3 Essays in Empirical Finance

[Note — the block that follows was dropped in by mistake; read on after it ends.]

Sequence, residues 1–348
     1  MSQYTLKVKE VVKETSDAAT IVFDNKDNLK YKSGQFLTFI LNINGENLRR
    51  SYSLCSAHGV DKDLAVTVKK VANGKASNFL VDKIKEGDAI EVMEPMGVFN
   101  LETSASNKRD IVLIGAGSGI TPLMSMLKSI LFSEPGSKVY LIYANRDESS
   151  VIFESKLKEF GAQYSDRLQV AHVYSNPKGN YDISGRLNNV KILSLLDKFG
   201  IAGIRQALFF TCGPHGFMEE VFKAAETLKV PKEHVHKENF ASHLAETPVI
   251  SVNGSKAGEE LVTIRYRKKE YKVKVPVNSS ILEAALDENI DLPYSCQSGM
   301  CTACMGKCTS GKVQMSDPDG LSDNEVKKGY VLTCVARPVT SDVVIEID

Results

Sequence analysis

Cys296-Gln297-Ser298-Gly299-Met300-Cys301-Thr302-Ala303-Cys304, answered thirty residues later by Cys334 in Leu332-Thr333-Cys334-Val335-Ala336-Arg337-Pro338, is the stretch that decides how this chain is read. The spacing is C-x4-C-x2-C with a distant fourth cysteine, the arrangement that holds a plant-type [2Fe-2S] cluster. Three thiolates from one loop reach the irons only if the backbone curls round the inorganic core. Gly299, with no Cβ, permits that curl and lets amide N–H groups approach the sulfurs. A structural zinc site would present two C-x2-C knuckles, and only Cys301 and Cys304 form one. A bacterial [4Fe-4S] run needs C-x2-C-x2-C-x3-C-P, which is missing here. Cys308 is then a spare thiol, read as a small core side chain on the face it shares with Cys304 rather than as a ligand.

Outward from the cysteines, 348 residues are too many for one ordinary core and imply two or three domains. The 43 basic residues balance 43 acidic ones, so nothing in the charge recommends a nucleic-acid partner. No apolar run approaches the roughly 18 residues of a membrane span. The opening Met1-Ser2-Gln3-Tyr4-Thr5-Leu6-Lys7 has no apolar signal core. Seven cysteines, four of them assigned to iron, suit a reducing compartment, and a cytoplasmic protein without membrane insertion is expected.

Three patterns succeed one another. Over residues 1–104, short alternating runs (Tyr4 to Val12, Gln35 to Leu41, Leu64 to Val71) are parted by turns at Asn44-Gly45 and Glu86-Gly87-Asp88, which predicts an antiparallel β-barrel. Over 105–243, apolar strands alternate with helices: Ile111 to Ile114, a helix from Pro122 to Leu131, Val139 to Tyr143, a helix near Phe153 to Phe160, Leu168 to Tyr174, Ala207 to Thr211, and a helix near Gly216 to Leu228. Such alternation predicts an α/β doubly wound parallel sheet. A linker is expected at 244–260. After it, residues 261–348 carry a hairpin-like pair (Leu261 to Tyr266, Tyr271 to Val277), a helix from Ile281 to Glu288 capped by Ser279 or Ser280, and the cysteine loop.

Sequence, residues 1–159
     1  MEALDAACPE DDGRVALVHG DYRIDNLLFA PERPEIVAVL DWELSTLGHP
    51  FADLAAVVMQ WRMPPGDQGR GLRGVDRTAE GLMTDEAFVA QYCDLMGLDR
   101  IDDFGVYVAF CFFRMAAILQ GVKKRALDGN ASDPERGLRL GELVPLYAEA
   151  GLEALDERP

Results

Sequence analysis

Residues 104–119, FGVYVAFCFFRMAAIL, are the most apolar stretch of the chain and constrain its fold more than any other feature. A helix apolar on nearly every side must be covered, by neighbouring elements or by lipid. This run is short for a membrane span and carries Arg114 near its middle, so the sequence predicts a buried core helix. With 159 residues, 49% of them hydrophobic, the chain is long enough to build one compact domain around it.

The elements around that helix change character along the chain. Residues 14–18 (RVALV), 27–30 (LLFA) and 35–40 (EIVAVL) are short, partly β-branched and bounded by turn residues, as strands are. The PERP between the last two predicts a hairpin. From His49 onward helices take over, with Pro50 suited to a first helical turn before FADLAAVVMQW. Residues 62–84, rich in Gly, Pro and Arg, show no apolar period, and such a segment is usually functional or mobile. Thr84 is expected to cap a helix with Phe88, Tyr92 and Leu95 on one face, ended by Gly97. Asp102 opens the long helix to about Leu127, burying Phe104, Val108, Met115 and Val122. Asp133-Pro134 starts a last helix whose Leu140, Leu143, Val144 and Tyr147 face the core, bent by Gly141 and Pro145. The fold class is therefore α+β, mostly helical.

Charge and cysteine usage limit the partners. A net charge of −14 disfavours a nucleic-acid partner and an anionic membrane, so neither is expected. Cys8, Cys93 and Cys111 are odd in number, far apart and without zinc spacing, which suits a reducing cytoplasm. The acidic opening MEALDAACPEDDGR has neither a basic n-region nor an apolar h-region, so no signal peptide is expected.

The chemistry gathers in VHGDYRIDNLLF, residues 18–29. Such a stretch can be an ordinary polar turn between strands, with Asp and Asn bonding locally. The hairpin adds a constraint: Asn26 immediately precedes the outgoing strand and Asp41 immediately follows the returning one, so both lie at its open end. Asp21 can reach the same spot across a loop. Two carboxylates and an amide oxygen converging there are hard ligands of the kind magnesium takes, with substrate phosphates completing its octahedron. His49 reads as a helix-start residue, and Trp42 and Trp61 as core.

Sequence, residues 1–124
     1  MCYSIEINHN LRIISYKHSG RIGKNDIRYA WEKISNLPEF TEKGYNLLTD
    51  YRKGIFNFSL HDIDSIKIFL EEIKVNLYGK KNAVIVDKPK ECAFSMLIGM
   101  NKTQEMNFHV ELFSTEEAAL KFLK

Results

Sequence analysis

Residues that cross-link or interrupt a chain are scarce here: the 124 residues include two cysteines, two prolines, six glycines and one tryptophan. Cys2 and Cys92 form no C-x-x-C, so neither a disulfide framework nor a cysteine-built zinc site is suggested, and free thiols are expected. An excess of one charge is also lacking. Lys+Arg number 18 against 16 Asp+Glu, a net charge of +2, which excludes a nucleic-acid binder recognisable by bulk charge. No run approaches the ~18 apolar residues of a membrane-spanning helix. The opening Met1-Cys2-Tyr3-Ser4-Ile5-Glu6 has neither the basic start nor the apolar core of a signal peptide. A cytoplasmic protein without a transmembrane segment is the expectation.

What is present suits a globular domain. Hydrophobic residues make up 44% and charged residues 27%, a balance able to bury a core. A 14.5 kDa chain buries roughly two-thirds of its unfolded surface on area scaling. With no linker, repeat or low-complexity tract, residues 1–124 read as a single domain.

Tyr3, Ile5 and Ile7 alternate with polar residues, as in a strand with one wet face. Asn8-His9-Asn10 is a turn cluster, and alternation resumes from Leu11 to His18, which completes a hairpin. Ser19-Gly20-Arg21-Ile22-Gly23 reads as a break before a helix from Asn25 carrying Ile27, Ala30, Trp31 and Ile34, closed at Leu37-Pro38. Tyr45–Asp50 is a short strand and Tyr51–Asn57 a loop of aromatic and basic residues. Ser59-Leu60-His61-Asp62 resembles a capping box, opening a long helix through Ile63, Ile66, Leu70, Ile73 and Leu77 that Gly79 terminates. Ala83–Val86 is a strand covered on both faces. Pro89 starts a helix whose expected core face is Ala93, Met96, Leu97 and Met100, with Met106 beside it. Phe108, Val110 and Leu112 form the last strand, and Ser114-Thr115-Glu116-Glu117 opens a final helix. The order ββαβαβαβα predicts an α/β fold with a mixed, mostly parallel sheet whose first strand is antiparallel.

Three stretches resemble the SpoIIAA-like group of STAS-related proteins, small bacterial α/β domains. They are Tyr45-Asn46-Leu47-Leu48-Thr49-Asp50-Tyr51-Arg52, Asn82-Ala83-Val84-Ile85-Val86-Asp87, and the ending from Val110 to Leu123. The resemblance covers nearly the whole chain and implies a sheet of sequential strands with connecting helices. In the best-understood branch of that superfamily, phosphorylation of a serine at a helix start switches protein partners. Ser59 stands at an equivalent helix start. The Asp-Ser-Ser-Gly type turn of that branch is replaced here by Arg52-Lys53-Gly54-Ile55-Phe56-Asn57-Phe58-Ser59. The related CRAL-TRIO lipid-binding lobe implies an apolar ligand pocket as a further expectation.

In the first essay, I examine the role of cross-listings in the digital token marketplace ecosystem. Using a unique set of publicly available and hand-collected data from 3,625 tokens traded in 108 marketplaces, I find significant increases in price and trading activity around the date of a token’s first cross-listing. Tokens earn a 49% raw cumulative return in the two weeks around the cross-listing date. Global token-trading volume is almost 50 times higher after cross-listing. Using the uniquely heterogeneous characteristics of token marketplaces, I am able to identify specific value-creation channels. I provide the first evidence supporting value creation through network externalities proposed by recent token-valuation models. Consistent with equity cross-listing theory, I find higher returns for cross-listings that reduce market segmentation and improve information production. In the second essay, we analyze a dataset of 4,003 executed and planned ICOs, which raised a total of $12 billion in capital, nearly all since January 2017. We find evidence of significant ICO underpricing, with average returns of 179% from the ICO price to the first day’s opening market price, over a holding period that averages just 16 days. After trading begins, tokens continue to appreciate in price, generating average buy-and-hold abnormal returns of 48% in the first 30 trading days. We also study the determinants of ICO underpricing and relate cryptocurrency prices to Twitter followers and activity. In the third essay, I examine reputation building by activist hedge funds and document two new findings with regard to hostile activism. First, there is evidence of a permanent reputation effect to hostile activism. Activist hedge funds that have engaged in hostile tactics, receive on average a 3% higher CAR [-10,+10] on their subsequent non-hostile campaigns, compared to hedge funds that have never engaged in hostile tactics. This abnormal return is positively correlated with the level of hostile reputation of the campaigning hedge fund. Second, I find that activist hedge funds with more hostile reputation modify their non-hostile activism style to engage “hostile-like” targets and pursue “hostile-like” objectives, but withhold the use of hostile tactics. These findings imply that hedge funds are able to build reputation using their past engagement tactics and that market participants value such reputation as evidenced by the higher announcement return observed in their targets.